MIT researchers develop new fuel cell catalysts that are less expensive and more efficient

May 25, 2016 0 By Angie Bergenson

New catalysts could be a major boon for hydrogen fuel cells

Researchers at the Massachusetts Institute of Technology (MIT), have created new catalysts that could serve as a major boon for fuel cells. These catalysts are said to be less expensive and more efficient than their conventional counterparts, which may be good news for fuel cells, as the catalysts would finally make these energy systems more affordable. Developing inexpensive catalysts has been a priority for researchers focused on fuel cells for some time.

Catalysts are comprised of metal carbides rather than platinum

The new catalysts feature a metal carbide core, which is coated in metallic nanoparticles. Researchers note that the catalysts have a higher catalytic activity than their conventional counterparts, using only a tenth of the rare materials than normal catalysts use. This makes the catalysts less expensive and just as capable as those making use of platinum. The metal carbides used by the research team were chosen because they are resistant to chemical corrosion, making them ideal for use in hydrogen fuel cells.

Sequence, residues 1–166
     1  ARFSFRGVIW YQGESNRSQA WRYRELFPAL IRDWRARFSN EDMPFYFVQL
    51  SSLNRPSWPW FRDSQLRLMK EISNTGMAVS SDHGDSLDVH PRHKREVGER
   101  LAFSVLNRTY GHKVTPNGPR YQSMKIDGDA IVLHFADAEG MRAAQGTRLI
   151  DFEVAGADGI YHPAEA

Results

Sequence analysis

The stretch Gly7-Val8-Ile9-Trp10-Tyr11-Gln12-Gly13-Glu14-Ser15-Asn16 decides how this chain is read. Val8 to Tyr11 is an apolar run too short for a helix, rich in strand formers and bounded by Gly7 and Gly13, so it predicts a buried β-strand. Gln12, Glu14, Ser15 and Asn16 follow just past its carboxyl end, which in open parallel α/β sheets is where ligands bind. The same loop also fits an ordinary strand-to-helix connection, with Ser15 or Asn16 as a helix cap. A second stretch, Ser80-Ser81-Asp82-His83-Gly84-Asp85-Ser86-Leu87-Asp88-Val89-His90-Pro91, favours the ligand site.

Researchers continue to seek improvements to fuel cell catalysts

Massachusetts Institute of Technology - Fuel Cell Catalysts ResearchFuel cell catalysts have been a focus of research endeavors for several years. Researchers have been focusing on catalysts in order to solve the inherent problems with fuel cell technology. These energy systems are notoriously expensive due to their use of platinum. Conventional fuel cell catalysts also make these energy systems somewhat inefficient, though they are quite capable of meeting the energy needs of nearly every application.

New catalysts may make fuel cell vehicles more attractive

The research team from MIT ran the catalysts through 10,000 electrochemical cycles within a hydrogen fuel cell. According to the researchers, the catalysts performed 10 times better than their conventional counterparts. This could have major implications for the future of fuel cell technology, especially in the transportation space. Less expensive catalysts would make fuel cell vehicles more affordable and attractive to consumers interested in clean transportation.

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